Ainslie chases gold as Yngling girls face duel with the Dutch
BRITAIN are certain of at least two silver medals from the Olympic Sailing Regatta in Qingdao after Ben Ainslie ensured he will leave China as Britain's greatest ever Olympic sailor when he collects either silver or gold today, while the Yngling girls Sarah Ayton, Sarah Webb and Pippa Wilson also clinched either silver or gold by finishing fifth in their last series race yesterday.
Ainslie needs only to beat the American Zach Railey in today's medal race to secure his third successive Olympic gold, while the Yngling girls are also heading for a boat for boat duel, due to slug it out with the Dutch team in a winner-takes-all match for gold.
After winning silver in 1996 in Savannah, as a 19-year-old in the Laser, Ainslie avenged his defeat by Robert Scheidt when he despatched the Brazilian in a thrilling last race match race in Sydney to win gold, before swapping to the heavyweight Finn and collecting his second gold in Athens.
His fourth Olympic medal moves him clear ahead of the Olympic record of Scot Rodney Pattison who won back-to-back golds in 1968 and 1972 and silver in 1976 in the Flying Dutchman class.
Ainslie admitted yesterday that he had not considered the honour of surpassing the Campbeltown-born helm, and that he is too focused on winning gold today. "It is something I really have not thought about at all," he said. "Obviously Rodney's feats were amazing in his era and now sailing is very different from what it was in the 1970s but I don't think it takes anything away from Rodney Pattison. He was the best sailor of his generation by a long way."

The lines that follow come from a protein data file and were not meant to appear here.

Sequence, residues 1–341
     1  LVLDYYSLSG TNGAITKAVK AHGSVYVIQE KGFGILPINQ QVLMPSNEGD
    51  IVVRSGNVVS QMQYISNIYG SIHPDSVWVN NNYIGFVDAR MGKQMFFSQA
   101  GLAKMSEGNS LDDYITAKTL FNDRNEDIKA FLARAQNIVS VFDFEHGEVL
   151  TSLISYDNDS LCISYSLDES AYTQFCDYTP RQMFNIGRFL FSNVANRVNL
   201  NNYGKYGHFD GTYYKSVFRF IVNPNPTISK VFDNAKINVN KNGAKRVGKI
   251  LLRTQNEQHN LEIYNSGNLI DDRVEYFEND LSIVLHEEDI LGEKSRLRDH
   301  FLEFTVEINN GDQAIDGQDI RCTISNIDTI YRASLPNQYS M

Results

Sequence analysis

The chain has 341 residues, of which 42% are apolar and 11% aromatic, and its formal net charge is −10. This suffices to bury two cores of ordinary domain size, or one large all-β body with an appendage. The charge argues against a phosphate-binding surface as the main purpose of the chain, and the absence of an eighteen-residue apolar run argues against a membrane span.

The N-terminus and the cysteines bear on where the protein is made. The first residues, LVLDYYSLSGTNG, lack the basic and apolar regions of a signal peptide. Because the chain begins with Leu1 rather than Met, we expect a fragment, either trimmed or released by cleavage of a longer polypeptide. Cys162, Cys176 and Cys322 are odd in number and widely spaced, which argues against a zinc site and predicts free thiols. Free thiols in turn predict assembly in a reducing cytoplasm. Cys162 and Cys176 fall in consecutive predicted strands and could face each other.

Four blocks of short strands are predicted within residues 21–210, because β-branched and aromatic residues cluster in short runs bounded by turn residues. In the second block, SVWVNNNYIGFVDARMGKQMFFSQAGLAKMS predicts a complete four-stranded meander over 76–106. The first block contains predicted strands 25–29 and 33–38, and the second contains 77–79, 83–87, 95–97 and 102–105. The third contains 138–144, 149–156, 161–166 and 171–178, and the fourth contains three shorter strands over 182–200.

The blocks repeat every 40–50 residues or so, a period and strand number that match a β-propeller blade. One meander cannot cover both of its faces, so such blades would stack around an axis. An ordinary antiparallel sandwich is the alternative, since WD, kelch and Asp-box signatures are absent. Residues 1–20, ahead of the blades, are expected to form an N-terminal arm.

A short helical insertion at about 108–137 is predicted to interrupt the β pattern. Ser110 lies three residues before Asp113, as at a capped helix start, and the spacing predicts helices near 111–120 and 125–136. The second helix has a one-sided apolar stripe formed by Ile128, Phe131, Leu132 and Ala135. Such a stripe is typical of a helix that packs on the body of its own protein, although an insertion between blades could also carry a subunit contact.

Ainslie at just 31 is already widely expected to be bidding for a fifth medal in Weymouth in 2012. "I think it is a good position to be in so that it is just between myself and the American, so you don't have to worry about anyone else. So really it is just a case of trying to stick close to him and not let him get places between me and him. I still have to do everything though, I have to sail a good race, to look at the breeze and see what is the favoured side of the course and to get in front of him and just try and stay between him and the next mark. The key thing will be to keep a cool head and wait for him to make mistakes."
For Yngling girls Ayton and Webb, who won as crew with Shirley Robertson in Athens, it would be their second gold medal, but the Dutch have been fast all the way through the regatta.
The British trio have relied heavily on Scottish built, superlight spinnakers to develop extra speed in the light winds which have prevailed here. Designed and built in Oban by Owen Sails, the spinnakers have special light outer support tapes which allows the sail to retain its flying shape better in the light airs.
Today will be the first time ever that the new Medal Race format will be run in Olympic sailing, designed to bring a single, simple understandable focus to a sport which has been criticised in the past for being complex.
But racing will take place very close to the 500 metre long breakwater where the winds may be unsettled and fickle. Architects of this Olympic innovation could have wished for no greater a set of matches than should be seen today.
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Friday 24 May 2013
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